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  • PF - 2011-10-17
    Hello, I've seen on youtube, if I'm not mistaken that is where I saw it, someone had a rose hair that did some digging and rearanged the enclosure. Maybe you can go and see. I know that each spider has his own character and yours loves to dig and burrow even if it's not a borrowing species. Maybe males are different from females and the males will do some borrowing. Let us know if you get a right answer.

    PF
  • Jessica Brown - 2011-10-17
    Thank you for your advice. I watched some of the videos. Some of them have made some very extravagant tunneling systems. We just got a Thai Tiger this week and I'm really looking forward to seeing its burrow and webbing. It is very agressive and likes to walk up and down the walls.
  • PF - 2011-10-18
    If you look up for Jon008 I think, he's a specialist on Ts and he can give you a more precise answer to your question. Good luck on your new T!
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Animal-World info on Goliath Bird-eating Spider
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James Carr - 2011-06-19
Hello. I had my blondi for about 2 months and she is just over a year old, during its first moult it lost a leg. A week later I gave her a large locust, she did not eat it that day; I went to see her in the morning to see if she had eaten it. But when I looked in she was dead! The locust was dead too. Though I don't think the locust would have killed her. HER FANGS WERE BURIED INSIDE HER OWN BODY! It obviously looks like she killed herself! Would this be the case? I was so upset about it. I have heard they can rip off their own limbs? Maybe she was stressed about the locust just being in the tank?
Please help!

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  • Brandon M - 2011-07-09
    I don't have a Goliath but I do have a Rose hair. And I've had mine for bout 5 months. When my rose hair molted, he lost a leg. If the leg doesn't come out right or is injured, they will break them off to avoid further damage. The insect could have very well have bit the spider though. A large cricket can bite a spiders leg and they'll have to break it off. Now my spider was found in his water bowl about a week ago and is now just twitching. He wont move at all so I want to go ahead and suggest, make sure your water bowl isn't bigger than the spider.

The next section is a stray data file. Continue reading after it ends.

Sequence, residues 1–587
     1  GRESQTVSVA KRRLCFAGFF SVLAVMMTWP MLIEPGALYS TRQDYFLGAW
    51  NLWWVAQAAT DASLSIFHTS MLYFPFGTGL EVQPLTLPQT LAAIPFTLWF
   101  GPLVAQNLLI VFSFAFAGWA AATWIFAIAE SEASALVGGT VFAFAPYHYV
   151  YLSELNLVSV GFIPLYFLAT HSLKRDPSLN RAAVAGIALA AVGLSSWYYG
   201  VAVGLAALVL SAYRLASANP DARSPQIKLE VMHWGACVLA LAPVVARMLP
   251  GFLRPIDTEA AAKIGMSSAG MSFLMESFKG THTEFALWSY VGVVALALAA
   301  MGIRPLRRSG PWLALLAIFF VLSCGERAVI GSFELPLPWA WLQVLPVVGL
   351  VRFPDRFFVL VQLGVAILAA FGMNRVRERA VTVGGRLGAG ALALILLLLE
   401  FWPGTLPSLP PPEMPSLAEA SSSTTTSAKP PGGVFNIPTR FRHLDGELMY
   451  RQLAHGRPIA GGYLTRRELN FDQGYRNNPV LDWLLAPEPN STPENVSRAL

I hope this helps you with your next spider. Just remember, they are dangerous but they can still be hurt. So do what I do and only feed when he/she is hungry. And make sure that the insect or whatever you feed it isn't much bigger than the spider.
  • Brandon M - 2011-07-09
    Also, it won't kill itself with its fangs. They always have them tucked like that to protect them.
  • tom - 2011-09-20
    You have a spackterded spider there or you DID have a spackterded spider my adivice?: put it on your teachers head or in the fridge!!
  • emyr thomas - 2011-10-07
    Hi. you're goliath lost a limb during moulting because the enviroment in which you kept it was too dry !!! and you shouldnt have fed it for at least 2 weeks after it moulted !!! The tank it lived in should be damp and humid , about 90%. It wouldn't have lost a limb if this was the case , and when its moulted its new fangs are very fragile, they need at least 2 weeks to harden up before you feed it again !!! You obviously should read up about caring for youre spider to avoid this happening again !!! Look on the internet for care sheets on youre chosen spider !!! we all make mistakes , hopefully you wont again, poor spider !!!!!!!!!!!!!!!!!!!!
  • PF - 2011-10-12
    Hello. Could it be possible that something is toxic (insecticides or pesticides) in your enclosure? It's a little odd that both have died about the same time, unless the locust had puncture wounds. If not, I would evaluate the possibility of toxins, either in the substrate or other material used. Since the Goliath is bigger than the locust, the toxins might have taken 2 months to take effect and only one night for the locust since it's smaller. If you still have the cage in tact, put in a few crickets and leave them there, see if they die within a few hours to a day or two. If so, before putting another T in disenfect the cage and change every thing. Sometimes new equipement can be full of industrial residues (dust, toxins, etc.) that we ignore about, it's a good thing to clean everything before installing your T.